Nobody looks at this painting and says, “Oh, yes, trees. I see the blue sky and the vertical tree trunks and the horizontal branches.”

People who love this painting love it even after they find out that the artist started with a photo of trees against a clear sky.  They don’t get hung up on trees.  Sorry there.

People who love this painting love its color, shapes, texture, process, surprises.  It’s not an illustration, abstraction or diagram of anything.  It’s an object in itself.

An object of contemplation.

Keven Wilder showed this painting at the Ethical Humanist Society earlier this year.

Thank you, Keven!

http://ethicalhuman.org/

https://artamaze.wordpress.com/2016/07/05/exhibit-at-ethical-humanist-society/

All contents copyright (C) 2010 Katherine Hilden. All rights reserved.

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www.khilden.comEthical Humanist Society

 

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Geometry

The clarity of what’s being depicted here may at first glance be satisfying. What have we here?  Answer: the basic shapes of two-dimensional geometry.  Square, circle, rectangle and triangle.  What a relief, you don’t have to work out some perceptual subtlety of modern art.

Well, actually you do.  It’s true, you’re seeing those four geometrical shapes.  But they are not on top, they are not resting on a surface, as they would be if the painting were about them.  What’s actually on top is the surface around them.  We see the square-circle-rectangle-triangle as the result of an act of omission.  The painter just didn’t get to those bits and let the “background” show through.  Just so happens, his negligence was overly careful.  You can verify this by looking at the “frame” that is the “background”—that splattered surface—and then it’s clear that the geometrical shapes floating in the middle are “nothing” but part of that “background.”

This foreground-background game engages the mind without ever getting boring.  You think you’re looking at the figure (foreground) and it turns out you’re actually looking at the ground (background) and you realize that they exist at the same time but your mind can’t focus on them simultaneously.  You get this flickering sensation in the brain, like a strobe light, and if you stay with it, you’ll get a buzz.

The artist, Harold Bauer, assures you that this is his game, by creating additional frames—frames within frames.  Just look at the edges of the painting. Where does this framing business end?  Seems to go on and on.  A mind game.

TopIllusion

In a later version of this process, the artist takes us into deeper uncertainties.  Notice how in this painting the shapes are not easily named.  No clear square, circle, rectangle and triangle here. The edges between foreground and background get fuzzy and torn looking.  The artist is working with the same aesthetic ideas as in the earlier painting, but here the game is richer, more engaging.

Both paintings were shown at the Ethical Humanist Society of Chicago this spring.

http://ethicalhuman.org/

All contents copyright (C) 2010 Katherine Hilden. All rights reserved.

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KeepItMoving

Let’s have a closer look at one of the paintings in that show at the Ethical Humanist Society: acrylic on canvas, 40” x 30,”  by Robert Frankel.  We might call it Keep It Moving.

Isn’t that what happens when you look at this?  Your eye and mind are restless, moving all the time.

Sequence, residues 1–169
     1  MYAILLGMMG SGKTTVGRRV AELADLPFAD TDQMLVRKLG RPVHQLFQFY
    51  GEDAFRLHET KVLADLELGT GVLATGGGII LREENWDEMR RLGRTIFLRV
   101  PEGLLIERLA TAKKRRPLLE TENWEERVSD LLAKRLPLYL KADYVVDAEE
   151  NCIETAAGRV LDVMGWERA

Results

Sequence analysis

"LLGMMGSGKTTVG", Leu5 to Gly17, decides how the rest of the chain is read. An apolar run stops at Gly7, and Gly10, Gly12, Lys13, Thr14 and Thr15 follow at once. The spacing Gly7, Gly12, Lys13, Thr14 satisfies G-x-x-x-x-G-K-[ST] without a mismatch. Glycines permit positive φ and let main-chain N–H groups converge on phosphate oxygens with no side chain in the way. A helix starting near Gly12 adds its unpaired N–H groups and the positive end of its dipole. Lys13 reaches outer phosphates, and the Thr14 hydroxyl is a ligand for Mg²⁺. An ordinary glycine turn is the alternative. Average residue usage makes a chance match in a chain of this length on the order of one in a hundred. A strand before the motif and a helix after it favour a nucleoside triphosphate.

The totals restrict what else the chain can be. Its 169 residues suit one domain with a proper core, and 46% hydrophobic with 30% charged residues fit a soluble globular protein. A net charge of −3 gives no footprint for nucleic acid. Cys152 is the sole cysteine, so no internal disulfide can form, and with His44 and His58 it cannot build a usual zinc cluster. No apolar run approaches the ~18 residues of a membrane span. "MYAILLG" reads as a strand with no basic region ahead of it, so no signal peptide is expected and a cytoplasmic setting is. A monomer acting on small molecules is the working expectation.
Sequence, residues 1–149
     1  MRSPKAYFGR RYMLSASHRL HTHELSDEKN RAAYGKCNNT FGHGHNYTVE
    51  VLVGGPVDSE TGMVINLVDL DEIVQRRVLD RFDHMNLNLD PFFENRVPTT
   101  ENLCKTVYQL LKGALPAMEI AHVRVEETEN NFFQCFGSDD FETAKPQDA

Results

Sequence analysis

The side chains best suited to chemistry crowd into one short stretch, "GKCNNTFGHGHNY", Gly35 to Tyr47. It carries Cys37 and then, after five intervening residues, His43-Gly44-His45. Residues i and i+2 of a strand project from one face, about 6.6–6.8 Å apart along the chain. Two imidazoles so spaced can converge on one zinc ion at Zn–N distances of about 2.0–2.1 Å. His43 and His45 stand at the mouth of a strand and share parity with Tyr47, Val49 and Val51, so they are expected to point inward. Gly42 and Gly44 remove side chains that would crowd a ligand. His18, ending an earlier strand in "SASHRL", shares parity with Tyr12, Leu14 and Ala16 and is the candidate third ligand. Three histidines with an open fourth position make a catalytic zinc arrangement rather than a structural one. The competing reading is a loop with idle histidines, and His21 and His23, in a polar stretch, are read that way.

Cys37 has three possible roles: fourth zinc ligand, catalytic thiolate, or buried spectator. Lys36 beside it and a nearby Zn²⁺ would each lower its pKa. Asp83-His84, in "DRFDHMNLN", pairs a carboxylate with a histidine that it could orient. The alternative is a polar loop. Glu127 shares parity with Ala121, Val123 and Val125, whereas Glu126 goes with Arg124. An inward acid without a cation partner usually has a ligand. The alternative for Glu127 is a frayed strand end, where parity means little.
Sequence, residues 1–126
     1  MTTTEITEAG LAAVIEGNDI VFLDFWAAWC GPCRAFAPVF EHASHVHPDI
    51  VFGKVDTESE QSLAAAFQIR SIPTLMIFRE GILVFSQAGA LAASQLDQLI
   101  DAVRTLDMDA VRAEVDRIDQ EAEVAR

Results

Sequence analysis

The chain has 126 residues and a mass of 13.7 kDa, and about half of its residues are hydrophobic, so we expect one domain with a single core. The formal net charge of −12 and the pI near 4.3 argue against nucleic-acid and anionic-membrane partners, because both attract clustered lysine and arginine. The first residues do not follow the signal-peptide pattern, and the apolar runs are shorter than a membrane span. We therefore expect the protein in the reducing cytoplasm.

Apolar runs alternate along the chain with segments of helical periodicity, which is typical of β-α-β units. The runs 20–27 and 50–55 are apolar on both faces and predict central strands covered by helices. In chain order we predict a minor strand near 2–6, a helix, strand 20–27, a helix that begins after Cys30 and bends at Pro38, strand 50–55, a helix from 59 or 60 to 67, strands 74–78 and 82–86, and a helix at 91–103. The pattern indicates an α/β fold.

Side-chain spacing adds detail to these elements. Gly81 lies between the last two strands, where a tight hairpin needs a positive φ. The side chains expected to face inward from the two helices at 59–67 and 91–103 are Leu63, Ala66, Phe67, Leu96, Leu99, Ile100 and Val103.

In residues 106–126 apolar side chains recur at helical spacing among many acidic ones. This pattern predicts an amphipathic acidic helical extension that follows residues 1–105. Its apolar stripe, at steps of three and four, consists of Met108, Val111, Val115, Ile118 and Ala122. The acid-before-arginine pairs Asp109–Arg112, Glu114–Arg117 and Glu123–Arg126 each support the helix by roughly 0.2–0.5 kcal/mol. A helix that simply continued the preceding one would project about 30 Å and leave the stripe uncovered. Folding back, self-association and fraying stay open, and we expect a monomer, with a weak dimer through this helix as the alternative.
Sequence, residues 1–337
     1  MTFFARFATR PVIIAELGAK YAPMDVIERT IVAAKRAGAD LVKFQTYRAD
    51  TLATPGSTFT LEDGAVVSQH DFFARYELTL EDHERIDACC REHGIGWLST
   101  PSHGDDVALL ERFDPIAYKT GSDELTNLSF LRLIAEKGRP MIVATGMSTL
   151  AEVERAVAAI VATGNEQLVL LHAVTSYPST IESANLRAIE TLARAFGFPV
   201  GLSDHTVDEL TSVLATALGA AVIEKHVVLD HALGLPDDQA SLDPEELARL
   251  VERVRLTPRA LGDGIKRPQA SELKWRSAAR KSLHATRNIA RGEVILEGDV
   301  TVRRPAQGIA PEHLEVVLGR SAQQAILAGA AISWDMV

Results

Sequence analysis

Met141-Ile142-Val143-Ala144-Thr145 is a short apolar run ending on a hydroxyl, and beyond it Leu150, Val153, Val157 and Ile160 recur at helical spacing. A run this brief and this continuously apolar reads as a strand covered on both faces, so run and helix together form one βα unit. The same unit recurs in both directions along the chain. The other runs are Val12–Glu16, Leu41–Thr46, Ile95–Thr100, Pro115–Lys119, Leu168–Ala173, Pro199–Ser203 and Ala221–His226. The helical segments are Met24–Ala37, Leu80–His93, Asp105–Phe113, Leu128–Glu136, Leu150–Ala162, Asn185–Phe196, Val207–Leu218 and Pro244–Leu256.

How can that be?  There’s no narration, no hint of horses on the beach or racecars taking a curve or birds in flight.  The whole composition is nothing but rectangles, all placed solidly and stodgily on one of their sides.  Nothing tips, everything says STABILITY.  But does it?  If the composition were stable, you’d doze off.  Instead, your mind is jumpin’ as it does when you listen to jazz.

These rectangles are flat, you say, isn’t that what rectangles are, flat?  Yes, they are flat.  But, if they’re flat, how is it that this image draws you in to puzzle out your sense of depth?

And what is that white rectangle with the thin horizontal black one doing there in the midst of all this popping color?  Imagine this white/black thing in any other color combination.  See? Gotcha!

http://ethicalhuman.org/

https://artamaze.wordpress.com/2016/07/05/exhibit-at-ethical-humanist-society/

All contents copyright (C) 2010 Katherine Hilden. All rights reserved.

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MondrianGroup

The “Mondrian Class” exhibited paintings for ten weeks, from mid-March to the end of May, at the Ethical Humanist Society in Skokie.

http://ethicalhuman.org/

This was a great opportunity for students to experience hanging a show, a rotating show in this case. The space is not a gallery, per se, but the large meeting room of the Ethical Humanist Society.  The painters had a chance to show their work without costs or complications and the people meeting in that spacious, high ceilinged room with one wall all glass, enjoyed the works and the inspiration it brought them—a winwin arrangement.

EthicalHum1

We got this space because I attended Darwin’s birthday party there in early February, saw the drawings displayed there and had an aha-moment. By coincidence, they were eager to have a new exhibit.  Ta-tah! Not only that, I mentioned that I could give a talk on “Morality in Modern Art” and, ta-tah, there was a day open for a presentation, April 24.  These things happen, you know.  The talk was well received and I hope to give it again this fall, at another venue.

EthicalHum3

Artists showing their work in “alternative” spaces is a well-established strategy.  Eateries of all kinds have been doubling as galleries for a long time.  Now, consider your living room as a gallery.

http://www.nytimes.com/2016/07/04/arts/design/its-an-art-gallery-no-a-living-room-ok-both.html?rref=collection%2Fsectioncollection%2Farts&action=click&contentCollection=arts&region=rank&module=package&version=highlights&contentPlacement=8&pgtype=sectionfront&_r=0

EthicalHum2

Shown in these photos are  works by Robert Frankel, Harold Bauer, Keven Wilder and Terry Fohrman.

All contents copyright (C) 2010 Katherine Hilden. All rights reserved.